Block on Trump's Asylum Ban Upheld by Supreme Court
California is still figuring out how to address its prison problems. One part of the plan has been the early release of some inmates. Another way perhaps to ease its overcrowded prison system might be to send thousands of undocumented California inmates to specially built jails in Mexico.
Early release of prisoners looks like it could reduce the prison population by about 6,500 inmates over the next year.
Shipping some inmates to Mexico is the latest idea being floated by Governor Arnold Schwarzenegger as a cost-cutting measure, the Associated Press recently reported. Governor Schwarzenegger said exporting 20,000 inmates that are illegal immigrants to jails south of the border could help the state's finances by billions of dollars.
Governor Schwarzenegger has said it's cheaper to build prisons in Mexico; and it's cheaper to staff prisons there too.
As previously discussed, under a state law signed as part of last year's budget package, the state is mandated to have a plan to adequately reduce its prison population. California was ordered by a panel of federal judges to cut its prison population by over 40,000 in the next two years.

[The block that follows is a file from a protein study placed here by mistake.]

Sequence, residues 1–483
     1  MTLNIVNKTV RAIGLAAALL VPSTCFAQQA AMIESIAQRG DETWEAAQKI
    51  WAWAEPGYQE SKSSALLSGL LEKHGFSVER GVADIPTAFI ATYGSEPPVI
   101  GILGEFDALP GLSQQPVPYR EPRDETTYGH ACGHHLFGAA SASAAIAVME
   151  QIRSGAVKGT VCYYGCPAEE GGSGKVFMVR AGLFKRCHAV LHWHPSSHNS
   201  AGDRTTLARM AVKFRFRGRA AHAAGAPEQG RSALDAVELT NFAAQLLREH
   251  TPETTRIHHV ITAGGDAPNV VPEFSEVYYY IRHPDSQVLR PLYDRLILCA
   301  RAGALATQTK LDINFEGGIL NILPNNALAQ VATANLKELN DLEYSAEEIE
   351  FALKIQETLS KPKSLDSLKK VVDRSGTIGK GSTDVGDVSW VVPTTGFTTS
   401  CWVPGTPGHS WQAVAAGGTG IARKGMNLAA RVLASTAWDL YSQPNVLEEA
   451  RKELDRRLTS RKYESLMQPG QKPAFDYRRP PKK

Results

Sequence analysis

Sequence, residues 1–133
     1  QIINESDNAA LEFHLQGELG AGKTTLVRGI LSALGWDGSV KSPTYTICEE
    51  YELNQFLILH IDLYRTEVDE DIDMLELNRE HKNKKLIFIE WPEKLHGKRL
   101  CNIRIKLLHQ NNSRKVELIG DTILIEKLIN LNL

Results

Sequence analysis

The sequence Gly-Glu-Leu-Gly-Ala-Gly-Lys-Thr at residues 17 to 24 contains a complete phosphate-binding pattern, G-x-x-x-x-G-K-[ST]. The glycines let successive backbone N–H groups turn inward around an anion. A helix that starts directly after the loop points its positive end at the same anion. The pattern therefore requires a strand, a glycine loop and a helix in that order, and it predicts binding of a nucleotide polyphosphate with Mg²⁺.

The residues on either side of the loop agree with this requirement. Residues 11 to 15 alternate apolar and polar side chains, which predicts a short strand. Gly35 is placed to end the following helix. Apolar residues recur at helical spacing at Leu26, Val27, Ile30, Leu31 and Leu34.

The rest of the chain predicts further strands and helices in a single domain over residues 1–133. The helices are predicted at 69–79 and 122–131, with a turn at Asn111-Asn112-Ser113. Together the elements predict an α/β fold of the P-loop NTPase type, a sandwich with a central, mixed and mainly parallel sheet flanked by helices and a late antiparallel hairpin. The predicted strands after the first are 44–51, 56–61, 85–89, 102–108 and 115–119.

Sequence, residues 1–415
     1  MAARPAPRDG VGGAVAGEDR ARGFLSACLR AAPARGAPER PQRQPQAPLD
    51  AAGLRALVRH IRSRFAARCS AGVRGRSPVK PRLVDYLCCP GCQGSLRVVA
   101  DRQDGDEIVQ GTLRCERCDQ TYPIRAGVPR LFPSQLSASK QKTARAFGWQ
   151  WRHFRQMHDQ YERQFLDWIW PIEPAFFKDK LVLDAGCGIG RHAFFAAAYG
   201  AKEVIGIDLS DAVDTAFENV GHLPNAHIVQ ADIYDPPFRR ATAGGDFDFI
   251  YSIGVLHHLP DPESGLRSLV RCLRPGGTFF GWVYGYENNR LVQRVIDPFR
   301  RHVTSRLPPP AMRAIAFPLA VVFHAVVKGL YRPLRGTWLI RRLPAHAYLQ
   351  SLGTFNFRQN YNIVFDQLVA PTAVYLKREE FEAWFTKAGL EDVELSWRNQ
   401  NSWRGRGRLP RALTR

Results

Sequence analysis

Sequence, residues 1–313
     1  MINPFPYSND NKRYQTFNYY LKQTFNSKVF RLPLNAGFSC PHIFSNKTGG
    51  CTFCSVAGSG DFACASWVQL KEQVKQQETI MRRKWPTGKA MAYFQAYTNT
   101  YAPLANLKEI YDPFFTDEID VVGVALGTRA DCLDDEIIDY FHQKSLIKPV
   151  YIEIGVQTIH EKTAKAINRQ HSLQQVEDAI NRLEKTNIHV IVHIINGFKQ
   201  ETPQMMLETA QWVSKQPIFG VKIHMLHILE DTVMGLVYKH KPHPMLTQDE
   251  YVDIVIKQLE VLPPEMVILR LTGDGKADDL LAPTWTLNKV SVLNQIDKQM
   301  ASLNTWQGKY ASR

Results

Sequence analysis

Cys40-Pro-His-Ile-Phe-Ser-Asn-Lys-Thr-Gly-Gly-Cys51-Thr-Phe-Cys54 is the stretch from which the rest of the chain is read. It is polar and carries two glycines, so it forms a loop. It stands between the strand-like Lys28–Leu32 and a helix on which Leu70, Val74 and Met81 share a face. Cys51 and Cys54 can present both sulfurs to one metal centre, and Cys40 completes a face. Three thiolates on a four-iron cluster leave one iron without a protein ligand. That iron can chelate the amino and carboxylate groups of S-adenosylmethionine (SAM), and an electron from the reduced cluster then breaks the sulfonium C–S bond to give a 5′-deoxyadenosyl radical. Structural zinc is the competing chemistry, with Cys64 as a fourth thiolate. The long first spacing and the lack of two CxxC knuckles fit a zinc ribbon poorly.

In addition to the early release of California inmates, the state will stop its monitoring of low-level offenders after their release. That is designed to reduce the number of parolees returned to prison, essentially because the state will not know if they are violating the terms of their parole.
Victims' rights advocates, as well as members of law enforcement, are calling the early release program a threat to public safety.
According to 2007 data, California has some of the most overcrowded prisons in the United States, with an estimated 170,000 inmates housed in facilities designed for 100,000 people.